4. Jackie Shane "Any Other Way" (Numero Group)
5. 14 Iced Bears "s/t" (Optic Nerve)


"I Won't Have To Think About You: Compiled by Bayu and Moopie" (A Colourful Storm)


Monday, 2 October 2017

The Trend "Band Aid"

Don't you love studio chat on records? Thinking back, I'm pretty sure the reason why I love it so much can be attributed to Paulie Chastain's endearing "Hey, Mr. Engineer man" at the start of  his adorable "Raining All Day". There's a fine example of studio chat on the astounding "Band Aid" by The Trend where the young guitarist starts playing the wrong song. Something about his response to being corrected doesn't ring true, suggesting it might be scripted. Whatever the truth, it's a fine way to start a track. "Band Aid" is a knockout punch of a song, full of bite and lovable ineptitude (the brief guitar solo shambles along like a shopping trolley missing a wheel). "Band Aid" was a YouTube recommendation and I fully expected to pay 20 quid for it on discogs. A quick search, however, revealed that it was a $1000+ single. It just goes to show how little Not Unloved knows about punk! Thankfully, Rome's Hate Records reissued it in 2016. Turning up a copy proved to be tricky, Hate having long since sold out of it, but Slovenly's online store eventually came up trumps. Now to play the a-side...

Monday, 15 May 2017

Don and Bobby (and The Pooches!)

At a Darren Hanlon gig what seems like aeons ago, a couple of friends* recommended Don Lennon's music to me. I made the usual mental note which was promptly misfiled in my brain so I never found my fingers typing his name into a search engine. Wind on a few years and another friend recommended Lennon's first group, The Umpteens, to me. This time I took the hint and discovered just what a fool I'd been for not listening to his music sooner:

"Party All The Time" is somnambulant soul pop for the Chickfactor generation. A heavenly, late-night studio match-up of Jens Lekman at his peak with the Timmion Records house band at their most suavely recumbent. Unbeatable, really.

On the subject of Finland's cherished Timmion label, have you heard Bobby Oroza's "This Love" on its Stylart offshoot? If at any point in the last couple of months you had bumped into me on Argyle Street, there's a fair chance that I would have bored you senseless with my unquantifiable love for its warm, gently impassioned charms. If Bobby never makes another great record, he will forever be a giant in Not Unloved's eyes for "This Love" alone.

The picture sleeve version appears to be long gone and, as expected, is already getting pricey on discogs but the repress in the generic sleeve is still available for a sensible price if you look hard enough (I got mine from Jazzman). Get on it!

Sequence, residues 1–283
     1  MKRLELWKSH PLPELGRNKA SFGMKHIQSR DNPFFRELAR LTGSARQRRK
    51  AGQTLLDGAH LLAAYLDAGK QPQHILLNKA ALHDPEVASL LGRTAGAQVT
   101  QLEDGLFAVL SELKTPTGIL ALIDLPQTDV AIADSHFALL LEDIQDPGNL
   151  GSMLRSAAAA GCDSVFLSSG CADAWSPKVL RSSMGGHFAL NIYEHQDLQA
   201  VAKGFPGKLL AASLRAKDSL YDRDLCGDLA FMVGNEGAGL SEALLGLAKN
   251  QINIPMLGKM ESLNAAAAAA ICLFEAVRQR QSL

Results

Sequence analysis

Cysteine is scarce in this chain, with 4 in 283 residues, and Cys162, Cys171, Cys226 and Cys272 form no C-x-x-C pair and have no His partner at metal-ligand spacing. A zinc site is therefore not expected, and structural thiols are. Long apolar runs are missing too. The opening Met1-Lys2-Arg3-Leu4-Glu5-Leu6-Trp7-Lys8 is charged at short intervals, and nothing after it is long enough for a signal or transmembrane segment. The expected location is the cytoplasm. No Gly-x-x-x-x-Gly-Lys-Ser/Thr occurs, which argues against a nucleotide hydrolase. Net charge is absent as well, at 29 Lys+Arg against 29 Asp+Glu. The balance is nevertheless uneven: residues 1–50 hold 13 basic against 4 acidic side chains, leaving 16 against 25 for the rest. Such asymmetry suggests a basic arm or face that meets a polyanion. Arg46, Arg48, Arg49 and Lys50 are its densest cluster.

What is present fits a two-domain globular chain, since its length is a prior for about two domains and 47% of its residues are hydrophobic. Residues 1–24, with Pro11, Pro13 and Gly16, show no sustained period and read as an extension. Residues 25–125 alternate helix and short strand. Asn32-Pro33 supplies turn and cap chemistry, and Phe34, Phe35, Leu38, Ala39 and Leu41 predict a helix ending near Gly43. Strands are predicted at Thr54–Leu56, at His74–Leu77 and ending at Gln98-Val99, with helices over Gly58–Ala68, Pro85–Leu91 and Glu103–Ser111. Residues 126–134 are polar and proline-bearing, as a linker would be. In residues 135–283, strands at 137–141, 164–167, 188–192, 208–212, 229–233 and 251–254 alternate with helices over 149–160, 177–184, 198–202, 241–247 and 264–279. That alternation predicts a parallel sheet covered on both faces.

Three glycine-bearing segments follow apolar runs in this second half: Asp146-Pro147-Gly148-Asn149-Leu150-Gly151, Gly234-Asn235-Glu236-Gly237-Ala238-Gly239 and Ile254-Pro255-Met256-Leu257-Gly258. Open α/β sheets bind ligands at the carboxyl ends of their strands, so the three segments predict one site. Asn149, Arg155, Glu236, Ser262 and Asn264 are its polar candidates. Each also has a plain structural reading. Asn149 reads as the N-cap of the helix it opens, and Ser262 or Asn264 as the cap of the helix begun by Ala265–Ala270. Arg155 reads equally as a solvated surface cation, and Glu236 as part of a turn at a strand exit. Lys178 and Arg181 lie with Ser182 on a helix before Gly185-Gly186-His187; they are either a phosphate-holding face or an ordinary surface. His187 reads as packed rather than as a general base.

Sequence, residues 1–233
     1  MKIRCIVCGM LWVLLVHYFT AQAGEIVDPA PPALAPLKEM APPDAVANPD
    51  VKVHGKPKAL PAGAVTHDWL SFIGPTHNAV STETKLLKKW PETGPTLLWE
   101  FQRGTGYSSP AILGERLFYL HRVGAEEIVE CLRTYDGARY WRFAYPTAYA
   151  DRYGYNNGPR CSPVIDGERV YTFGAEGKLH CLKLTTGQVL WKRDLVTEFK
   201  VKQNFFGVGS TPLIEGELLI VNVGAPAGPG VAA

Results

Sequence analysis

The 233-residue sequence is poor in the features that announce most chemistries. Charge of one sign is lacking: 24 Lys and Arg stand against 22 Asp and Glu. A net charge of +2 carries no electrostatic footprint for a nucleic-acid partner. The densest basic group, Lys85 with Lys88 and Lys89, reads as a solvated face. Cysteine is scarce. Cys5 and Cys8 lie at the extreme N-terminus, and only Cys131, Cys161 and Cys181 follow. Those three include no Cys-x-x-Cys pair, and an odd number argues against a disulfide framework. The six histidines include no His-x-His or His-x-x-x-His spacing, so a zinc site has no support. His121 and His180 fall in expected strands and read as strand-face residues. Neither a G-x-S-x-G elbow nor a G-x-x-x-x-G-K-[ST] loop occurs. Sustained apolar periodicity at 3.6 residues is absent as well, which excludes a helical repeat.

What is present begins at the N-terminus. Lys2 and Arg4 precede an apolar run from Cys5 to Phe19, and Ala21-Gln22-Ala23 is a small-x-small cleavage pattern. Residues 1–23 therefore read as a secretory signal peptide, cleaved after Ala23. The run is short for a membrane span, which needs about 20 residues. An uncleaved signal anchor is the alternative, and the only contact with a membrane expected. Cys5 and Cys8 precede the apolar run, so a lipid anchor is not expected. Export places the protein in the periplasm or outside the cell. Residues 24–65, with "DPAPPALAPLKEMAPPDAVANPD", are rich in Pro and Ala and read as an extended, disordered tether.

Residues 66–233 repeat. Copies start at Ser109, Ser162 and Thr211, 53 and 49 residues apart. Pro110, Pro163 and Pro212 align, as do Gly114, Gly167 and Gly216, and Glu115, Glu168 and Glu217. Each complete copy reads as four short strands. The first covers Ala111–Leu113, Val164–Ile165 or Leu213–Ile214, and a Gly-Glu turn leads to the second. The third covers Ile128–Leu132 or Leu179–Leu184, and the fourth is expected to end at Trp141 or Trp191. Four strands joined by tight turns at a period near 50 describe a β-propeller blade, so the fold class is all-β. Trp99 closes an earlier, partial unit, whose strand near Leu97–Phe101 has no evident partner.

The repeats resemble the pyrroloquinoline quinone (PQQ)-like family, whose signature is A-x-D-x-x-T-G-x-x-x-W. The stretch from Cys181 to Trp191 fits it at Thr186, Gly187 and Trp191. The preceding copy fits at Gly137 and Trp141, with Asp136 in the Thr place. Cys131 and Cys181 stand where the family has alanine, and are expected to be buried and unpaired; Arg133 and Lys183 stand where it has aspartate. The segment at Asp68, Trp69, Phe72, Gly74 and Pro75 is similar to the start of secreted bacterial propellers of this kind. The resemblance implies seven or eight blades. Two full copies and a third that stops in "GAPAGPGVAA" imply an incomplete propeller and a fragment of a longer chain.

* - these friends now make up half of The Pooches who recorded a lovely version of Don Lennon's "Songs" for a charity tape:

Mope Grooves, The Fireworks & Omar S feat. Nite Jewel

Mope Grooves "Z" (from "Joy", See My Friends)

Portland, Oregon (USA) has a produced a bewildering list of dandy groups over the years. To that list I'd cheerfully add Mope Grooves. Their recent "Joy" LP boasts a whole heap of things that would've turned my head at any point in the last 25 years: scrappy songs beamed from lost Television Personalities rehearsal tapes, jangling guitars that duck and dive as if play fighting and the odd crayon scribble of noise. This is music made by the kids who drew cheeky cartoons in the margins of their science books. Maximum possible joy!

The Fireworks "Dream About You All Day" (Shelflife, USA/Opposite Number, UK)

Not Unloved has always felt big love for The Fireworks, going back to their first 7".
Not Unloved has always felt big love for Beth Arzy, going back to her first 7" with Aberdeen in those fondly remembered Sarah Records days.
Not Unloved feels big love for Beth Arzy fronting The Fireworks.
Not Unloved couldn't love "Dream All Day" any more if it tried.

Omar S feat. Nite Jewel "Confess To U" (FXHE)

In October 2016 Not Unloved danced self-consciously even when no-one was looking to Omar S and Nite Jewel's first collaboration, "Nite Train". The assumption at the time was that this was a one-off deal. There was much rejoicing, therefore, when news of a second release from the pair appeared in February. "Confess To U" is the most annoying record to play being a one-sided 12" affair with 2 concentric grooves - a vocal mix and a Hamtramck remix - on the playing side which play from the inside out. Argh! All of that's forgotten, however, when the summertime vocal hooks kick-in. It's the sound of summer 1989 and should, by rights, be booming obnoxiously from the tape decks of Ford Escort cabriolets the nation over.